Calder Classics

Introducing Our Interns...

Rebekah JunkermeierComment

Calder Classics is thrilled to have two phenomenal interns, Bailey Franzoi and Jill Shah, working with us this summer. Bailey and Jill are both high school students in the New York area. Why do they enjoy Latin and the Classics? Meet them below and find out more.

My name is Bailey Franzoi.  I’m a junior/rising senior at Marymount School of New York, where I just completed my AP Latin course.  I’ve taken Latin since fifth grade, and while it was required in my grammar school, I enjoyed the study of the Latin language and ancient culture immensely and continued the subject into high school. 

I first heard about Calder Classics after hearing Ms. Junkermeier speak to my school’s Latin Club (of which I am the Vice President) about her experiences in the field in Rome’s catacombs and as a woman in the classics. I especially loved hearing her speak about her work in the catacombs, since it has always been a dream of mine to use my interest in Latin, art history, and history to discover new things about the classical world first-hand.  I wanted to learn more, and I went online to the Calder Classics website.  I had heard of programs offering learning experiences for high school students and was interested by them, but when I read about the trips offered at Calder Classics, especially the one to Pompeii, I was fascinated.  I was impressed by the Calder Classics blog and Twitter because of how they linked things happening in today’s pop culture and media to themes in works of classical literature or works of art, which I often do in my other school subjects, especially British Literature. 

I’m really happy that I’ve joined Calder Classics as an intern to learn about marketing in a small start-up and the use of social media to further the study and appreciation for the classics.  I have learned so much already, and I can’t wait for the rest of the summer.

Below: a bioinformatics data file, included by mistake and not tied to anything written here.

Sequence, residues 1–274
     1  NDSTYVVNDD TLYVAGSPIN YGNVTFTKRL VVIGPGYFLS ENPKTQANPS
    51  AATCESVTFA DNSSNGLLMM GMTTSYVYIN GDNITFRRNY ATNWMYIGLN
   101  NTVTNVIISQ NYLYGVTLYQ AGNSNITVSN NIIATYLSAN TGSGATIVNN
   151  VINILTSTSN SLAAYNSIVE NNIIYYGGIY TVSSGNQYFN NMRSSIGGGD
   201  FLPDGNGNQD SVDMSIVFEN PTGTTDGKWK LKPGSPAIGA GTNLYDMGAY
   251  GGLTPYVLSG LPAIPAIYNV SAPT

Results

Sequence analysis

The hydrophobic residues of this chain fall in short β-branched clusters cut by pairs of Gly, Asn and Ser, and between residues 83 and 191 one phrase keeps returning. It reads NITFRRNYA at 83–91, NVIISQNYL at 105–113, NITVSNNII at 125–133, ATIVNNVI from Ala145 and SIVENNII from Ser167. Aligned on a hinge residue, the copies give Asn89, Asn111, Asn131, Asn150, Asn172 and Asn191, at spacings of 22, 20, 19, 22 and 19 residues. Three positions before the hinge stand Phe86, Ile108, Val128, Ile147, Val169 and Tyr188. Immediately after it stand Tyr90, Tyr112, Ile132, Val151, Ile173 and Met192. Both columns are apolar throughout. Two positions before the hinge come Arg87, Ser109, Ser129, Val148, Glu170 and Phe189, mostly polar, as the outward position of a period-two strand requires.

Hello, everyone. My name is Jill Shah and I am currently a senior at Riverdale Country School who is matriculating to Columbia University this fall and interning at Calder Classics. In other words, I am a Latin nerd. And here is why I am such a Latin fanatic.

Furthering my knowledge of the Greco-Roman world through learning Latin has allowed me to gain an appreciation for the classical world within a modern day context. Through reading Cicero, I learned all about the art of oration and the intricacies of formulating a logical and coherent argument. Whenever I have to prepare for a debate in class, looking back at the structure of Cicero’s Catilinarian Orations helps me to articulate a convincing case. I am able to imitate his use of rhetorical questions, metaphors, and tricolons in my own speeches. Reading Vergil, on the other hand, has inspired a love for poetry. His use of repetition, juxtaposition, and word pictures has shown me the malleability and beauty of language in poetry. Studying Latin has introduced me to a different, vibrant, and gorgeous world, where I know that there is even more to learn.

Academically, my study of Latin has improved the quality of my schoolwork and intellectual abilities. Because my mind works in a very mathematical way, the demanding and methodical nature of translation suits me. As a Latin student responsible for translating and memorizing hundreds of lines, I have improved my ability to process and retain large quantities of information. The quality of my English writing has developed dramatically as a result of learning Latin grammar. However, more profoundly, because I analyze ancient Latin texts using my own original reflections and interpretations, Latin has taught me how to think. Although learning Latin is very systematic and rigorous in translation, understanding the meaning of my translations requires me to make connections by thinking about the moral values and historical references embedded in the text. As a result, I see more everywhere. When I was studying the Declaration of Independence in my Constructing America class last years, I started to think about the classical roots of American history. I was trying to analyze the meaning behind the text, a skill that studying Latin has engrained in to me. The knowledge of the past that I have gained by studying Latin has given me a finer and broader view of the present.

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